Lumbar Discectomy

Updated: Sep 24, 2019
Author: Lawrence S Chin, MD, FACS, FAANS; Chief Editor: Jorge E Alvernia, MD 



Lumbar discectomy is the most common operation performed in the United States for lumbar-related symptoms.[1] Lumbar disc herniation accounts for only 5% of all low back pain problems but is the most common cause of radiating nerve root pain (sciatica).[2]

Patient with a large right L4/5 disc herniation Patient with a large right L4/5 disc herniation

Mixter and Barr described the first surgical procedure to remove the herniated lumbar disc in 1934 through a laminectomy and durotomy, with later enhancement by Semmes, who described approaching the herniated disc through hemilaminectomy and retraction of the dural sac. This became popularized as the “classical discectomy technique.”[3]

During the latter half of the 19th century, more techniques were developed to remove the herniated disc with minimal invasiveness[4] . The first herniated disc excision using a microscope (microdiscectomy) was performed by Yasargil in 1977, which was the standard surgical procedure at the time. In 1993, Mayer and Brock and then in 1997, Smith and Foley described endoscopic discectomy techniques.[3] With these minimally invasive techniques, authors demonstrated decreased soft tissue manipulation, operative time, blood loss, and hospital stay, allowing early recovery.[5]

The natural history of lumbar disc herniation indicates that they may decrease in size or even disappear within a few weeks or months of onset. In migrated or extruded herniations, phagocytosis of the herniated disc by the macrophages occurs, while, in contained herniations, dehydration of the herniated nucleus pulposus plays a major role in the reduction of the herniated disc size.

The literature suggests that lumbar discectomy provides effective clinical benefit in carefully selected patients with sciatica. There is strong evidence in favor of microdiscectomy surgery over conservative treatment at short-term follow-up, but, at long-term follow-up, there is no significant difference among patients with subacute lumbar disc herniation with associated radiculopathy (LDHR) between the two groups.[6] Overall, the long-term benefits of surgery versus nonoperative treatment are still unclear.


Approximately 90% of acute sciatica attacks improve with conservative management; thus, the mainstay of treatment for a patient with symptomatic lumbar disc herniation continues to be nonoperative methods, such as treatment with anti-inflammatory medications, physical therapy, and lumbar injection, unless the patient has an acute or progressive neurological deficit.

Indications for lumbar discectomy include altered bladder and bowel function and progressive neurological deficits such as motor weakness or sensory deficit in the lower extremities. Surgery should also be considered in patients with radicular pain that persists after an adequate course of conservative management.


Lumbar discectomy has no absolute contraindications. However, below are some factors to consider before deciding on lumbar discectomy.

Clinical/radiological discrepancy: A patient with clinical findings that do not correlate with the radiological findings is unlikely to benefit from surgery. Typically, this occurs with symptoms on the opposite side or at a different level from the disc.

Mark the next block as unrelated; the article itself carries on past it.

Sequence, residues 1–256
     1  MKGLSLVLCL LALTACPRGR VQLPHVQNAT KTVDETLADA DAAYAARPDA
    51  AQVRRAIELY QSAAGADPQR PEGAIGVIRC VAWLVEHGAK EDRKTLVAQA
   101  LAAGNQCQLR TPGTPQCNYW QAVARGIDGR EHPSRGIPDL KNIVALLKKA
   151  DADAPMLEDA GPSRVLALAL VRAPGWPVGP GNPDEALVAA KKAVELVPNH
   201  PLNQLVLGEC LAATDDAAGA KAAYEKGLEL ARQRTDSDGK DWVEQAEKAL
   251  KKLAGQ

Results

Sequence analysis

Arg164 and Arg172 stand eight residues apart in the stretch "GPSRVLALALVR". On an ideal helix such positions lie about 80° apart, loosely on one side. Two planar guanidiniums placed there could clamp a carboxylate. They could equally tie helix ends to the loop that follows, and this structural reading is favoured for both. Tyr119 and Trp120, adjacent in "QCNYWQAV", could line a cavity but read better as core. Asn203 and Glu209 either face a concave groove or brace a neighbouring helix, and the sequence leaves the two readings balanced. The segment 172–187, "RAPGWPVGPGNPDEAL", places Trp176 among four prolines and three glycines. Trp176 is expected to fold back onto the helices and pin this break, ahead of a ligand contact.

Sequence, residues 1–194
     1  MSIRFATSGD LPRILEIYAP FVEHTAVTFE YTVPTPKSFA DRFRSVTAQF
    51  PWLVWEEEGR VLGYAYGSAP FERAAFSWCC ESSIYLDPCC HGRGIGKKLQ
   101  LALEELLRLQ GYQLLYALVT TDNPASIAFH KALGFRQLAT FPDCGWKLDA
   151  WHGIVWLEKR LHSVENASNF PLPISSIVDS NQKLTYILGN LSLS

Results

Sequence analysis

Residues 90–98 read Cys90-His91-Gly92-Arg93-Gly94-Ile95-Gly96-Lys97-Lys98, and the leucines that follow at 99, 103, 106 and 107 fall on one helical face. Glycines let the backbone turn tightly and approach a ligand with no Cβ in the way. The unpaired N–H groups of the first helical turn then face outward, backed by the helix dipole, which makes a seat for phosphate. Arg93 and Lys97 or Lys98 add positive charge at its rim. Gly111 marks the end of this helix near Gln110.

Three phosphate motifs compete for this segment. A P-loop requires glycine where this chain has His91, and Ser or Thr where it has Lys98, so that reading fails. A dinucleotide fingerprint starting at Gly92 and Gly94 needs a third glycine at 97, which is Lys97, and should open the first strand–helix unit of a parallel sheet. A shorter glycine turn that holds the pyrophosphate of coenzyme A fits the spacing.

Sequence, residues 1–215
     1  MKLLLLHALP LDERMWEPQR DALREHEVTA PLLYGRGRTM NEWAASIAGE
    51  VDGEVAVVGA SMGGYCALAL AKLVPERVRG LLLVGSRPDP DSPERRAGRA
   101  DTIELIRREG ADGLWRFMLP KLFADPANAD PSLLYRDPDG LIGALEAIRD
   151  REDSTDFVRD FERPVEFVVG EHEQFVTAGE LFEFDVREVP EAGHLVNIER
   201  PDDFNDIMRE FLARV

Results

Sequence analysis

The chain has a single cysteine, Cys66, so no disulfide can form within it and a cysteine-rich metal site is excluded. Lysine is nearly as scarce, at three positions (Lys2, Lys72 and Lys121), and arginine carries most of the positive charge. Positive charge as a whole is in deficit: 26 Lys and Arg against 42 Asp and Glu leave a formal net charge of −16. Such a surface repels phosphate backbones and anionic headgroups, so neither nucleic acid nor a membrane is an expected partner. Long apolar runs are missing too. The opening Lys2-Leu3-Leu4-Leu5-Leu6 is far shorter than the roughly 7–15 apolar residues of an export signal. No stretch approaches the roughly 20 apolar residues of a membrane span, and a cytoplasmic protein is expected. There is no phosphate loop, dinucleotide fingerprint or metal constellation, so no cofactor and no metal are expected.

Primarily back pain: Patients with mostly back pain are not good surgical candidates. The patients who benefit most from surgery are those who primarily have radicular pain (sciatica).

Inadequate conservative treatment: Patient should be given a trial of adequate conservative management (at least 6 weeks of physical therapy) before surgical intervention, since 90% sciatica cases improve with conservative treatment alone.

Technical Considerations

The most common complications associated with lumbar discectomy performed in the prone position are nerve palsies and compression injuries due to inappropriate positioning, exaggerated limb stretch, and inadequate padding. Simple padding with cushions, sheets, blankets, or egg-crate padding prevent these complications. Brachial plexus injuries can result from excessive abduction of the shoulders.

Proper preoperative planning and intraoperative radiographic localization are important to prevent wrong-level surgery. It is important to compare the appearance of the lumbar and sacral vertebrae on preoperative studies with intraoperative localizing films to determine the proper level. Some patients have a transitional vertebral that could be considered either L5 or S1. As long as the nomenclature is consistent, wrong-level surgery can be avoided. Be careful that there is no movement of the localizing instrument between taking the radiograph and visual confirmation in the operative field.


See Background.


The complications from lumbar discectomy can be broadly divided into 2 major groups, intraoperative and postoperative, related to the time course when they occur.

Intraoperative complications

Wrong-level surgery: One comparative study reported that wrong-level surgery occurs in 3.3% of cases performed by less-experienced surgeons and 1.2% of cases performed by very experienced surgeons.[7] Proper preoperative planning and intraoperative vigilance is important to prevent wrong-level exploration.

Dural tear: Injuries to the dura with consequent CSF leak can generally be recognized intraoperatively. Weinstein et al reported in a review article that this occurs in 3% of cases.[8] If detected intraoperatively, it can be primarily repaired with 6-0 Prolene. After a good dural closure has been obtained, patients can be mobilized the same day, although some surgeons prefer to keep their patients on bedrest for 48 hours or longer after dural repair.